Essential foods for Chinese New Year's Eve
The first day of the first lunar month is Spring Festival, the beginning of a new year for China. Spring Festival is China's biggest extravaganza and a day for family reunion. Being around family members at the turn of the year is a vital ritual for the Chinese people.
The Spring Festival celebration is a continuous process, starting from the 23rd or 24th of the 12th lunar month. People often worship the kitchen god, clean their houses, do their shopping and put up Spring Festival couplets (blessing words posted on door frames) until New Year's Eve on the lunar calendar.
In addition to staying up late on New Year's Eve, having an elaborate dinner is also key to the Spring Festival celebration. The New Year's Eve dinner has been manifested in different ways around China.
Those in South China must have a dish of fish, because "fish" in Chinese sounds similar to the character for "prosperity", symbolizing an abundant and comfortable life. Those in North China often eat dumplings, which symbolize "reunion" and "fortune".
Spring Festival is just around the corner. Let's take a look at some essential dishes on the New Year's Eve dinner table!
Dumplings are a very common dish for northern China, symbolizing reunion and fortune. Dumplings' shape resembles gold ingots from ancient China. For Chinese people, eating some dumplings means bringing more treasure and wealth in the coming New Year.
Sweet dumplings are made from glutinous rice flour. The fillings can vary from region to region. The round shape of the sweet dumplings symbolizes "reunion".
"Fish" in Chinese sounds similar to the character for "prosperity", symbolizing an abundant and comfortable life. Most families will have fish for their New Year's Eve dinner.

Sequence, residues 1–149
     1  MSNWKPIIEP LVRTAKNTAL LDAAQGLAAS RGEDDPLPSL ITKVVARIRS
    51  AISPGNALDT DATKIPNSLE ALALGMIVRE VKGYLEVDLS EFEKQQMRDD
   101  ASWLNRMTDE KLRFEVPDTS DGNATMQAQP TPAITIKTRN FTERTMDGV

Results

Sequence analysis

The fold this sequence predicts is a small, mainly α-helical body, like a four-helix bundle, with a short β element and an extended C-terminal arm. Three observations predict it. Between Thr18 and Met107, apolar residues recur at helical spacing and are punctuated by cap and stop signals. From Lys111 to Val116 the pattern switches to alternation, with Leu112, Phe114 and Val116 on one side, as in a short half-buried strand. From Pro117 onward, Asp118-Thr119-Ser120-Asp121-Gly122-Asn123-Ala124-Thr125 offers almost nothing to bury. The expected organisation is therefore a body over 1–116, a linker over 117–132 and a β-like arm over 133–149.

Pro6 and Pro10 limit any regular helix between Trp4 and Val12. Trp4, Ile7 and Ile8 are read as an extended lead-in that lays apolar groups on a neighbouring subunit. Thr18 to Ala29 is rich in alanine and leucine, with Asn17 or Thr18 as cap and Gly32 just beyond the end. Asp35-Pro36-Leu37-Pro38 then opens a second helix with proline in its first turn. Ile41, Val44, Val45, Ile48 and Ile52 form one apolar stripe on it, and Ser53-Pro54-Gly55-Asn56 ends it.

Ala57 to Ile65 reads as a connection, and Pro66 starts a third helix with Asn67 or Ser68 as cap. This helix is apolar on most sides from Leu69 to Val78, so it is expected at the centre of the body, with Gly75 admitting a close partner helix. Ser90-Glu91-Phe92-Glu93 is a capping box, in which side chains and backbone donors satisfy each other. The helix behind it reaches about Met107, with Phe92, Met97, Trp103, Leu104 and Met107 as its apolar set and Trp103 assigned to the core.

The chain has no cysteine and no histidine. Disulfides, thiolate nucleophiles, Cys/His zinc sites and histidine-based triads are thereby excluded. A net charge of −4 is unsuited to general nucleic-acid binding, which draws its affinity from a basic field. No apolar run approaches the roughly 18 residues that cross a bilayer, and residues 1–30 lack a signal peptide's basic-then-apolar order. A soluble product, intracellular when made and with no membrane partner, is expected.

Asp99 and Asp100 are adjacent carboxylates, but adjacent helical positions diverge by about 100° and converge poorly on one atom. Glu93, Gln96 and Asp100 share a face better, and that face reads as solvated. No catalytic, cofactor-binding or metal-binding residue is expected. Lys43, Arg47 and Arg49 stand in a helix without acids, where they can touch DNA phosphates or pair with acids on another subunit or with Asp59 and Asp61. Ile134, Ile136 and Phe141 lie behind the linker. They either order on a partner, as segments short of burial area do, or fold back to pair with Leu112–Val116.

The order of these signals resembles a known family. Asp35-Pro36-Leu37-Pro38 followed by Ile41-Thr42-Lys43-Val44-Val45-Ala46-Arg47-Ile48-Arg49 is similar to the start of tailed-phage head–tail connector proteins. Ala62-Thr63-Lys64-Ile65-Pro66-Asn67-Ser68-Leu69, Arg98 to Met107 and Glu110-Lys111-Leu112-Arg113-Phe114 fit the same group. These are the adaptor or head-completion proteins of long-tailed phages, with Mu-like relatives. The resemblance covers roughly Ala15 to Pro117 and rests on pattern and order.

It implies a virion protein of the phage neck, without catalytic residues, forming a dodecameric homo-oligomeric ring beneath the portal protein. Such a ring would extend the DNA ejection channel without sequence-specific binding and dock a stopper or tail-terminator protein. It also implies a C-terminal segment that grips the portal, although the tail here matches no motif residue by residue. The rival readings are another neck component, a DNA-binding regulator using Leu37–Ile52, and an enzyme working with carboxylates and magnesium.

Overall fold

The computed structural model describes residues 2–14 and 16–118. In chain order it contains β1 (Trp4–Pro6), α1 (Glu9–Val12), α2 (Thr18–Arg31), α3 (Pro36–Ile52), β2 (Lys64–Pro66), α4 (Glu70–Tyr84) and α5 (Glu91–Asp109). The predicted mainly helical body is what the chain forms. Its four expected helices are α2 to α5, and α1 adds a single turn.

One of the representative dishes of Huaiyang cuisine, it has a lucky connotation from its name.
A regular dish in southern China, the magnificent and auspicious poon choi contains up to 20 luxury ingredients served in a big wooden or clay-pot bowl.
Eight treasure rice cake
The eight treasure rice cake is a quintessential Chinese New Year dessert. Many families across the nation choose to finish their meal with this dessert.
Those in Southwest China's Sichuan province may choose to have a meal of hot pot for their New Year Eve's dinner. As everyone eats from the same pot, it is also a symbol of reunion.
During less economically developed times, people often had to wait a full year to enjoy a meat dish. Braised pork, or hongshaorou in Chinese, is part of a mouthwatering memory of New Year's Eve dinner for many Chinese of the older generation.
Buddha jumping over the wall
This is a soup that is popular in South China. It uses luxury ingredients, such as sea cucumber, abalone, shark fin, dried scallops, ham and more. Its name comes from the tantalizing scent of the soup, enough to lure a Buddha, who is vegetarian, to want to jump over the wall and drink it.
Most people in South China will have rice cakes for Spring Festival due to its auspicious meaning: Wishing to be elevated (in whatever area one desires) in the New Year.
Lettuce, or shengcai in Chinese, sounds similar to the Chinese phrase "gaining fortune". It is not hard to see why people across the nation would opt for this vegetable dish.
A dish of tofu
The Chinese pronunciation for tofu sounds similar to "luck for all" – "Tofu, Tofu, mouthful of 'Fu' (happiness)". Tofu is also winning over people's hearts and stomachs for its health benefits.